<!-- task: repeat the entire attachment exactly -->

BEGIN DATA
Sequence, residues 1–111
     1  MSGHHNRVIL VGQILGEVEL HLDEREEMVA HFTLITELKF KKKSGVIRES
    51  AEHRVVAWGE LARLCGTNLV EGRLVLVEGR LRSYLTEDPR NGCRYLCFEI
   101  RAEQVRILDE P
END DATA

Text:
Sequence, residues 1–111
     1  MSGHHNRVIL VGQILGEVEL HLDEREEMVA HFTLITELKF KKKSGVIRES
    51  AEHRVVAWGE LARLCGTNLV EGRLVLVEGR LRSYLTEDPR NGCRYLCFEI
   101  RAEQVRILDE P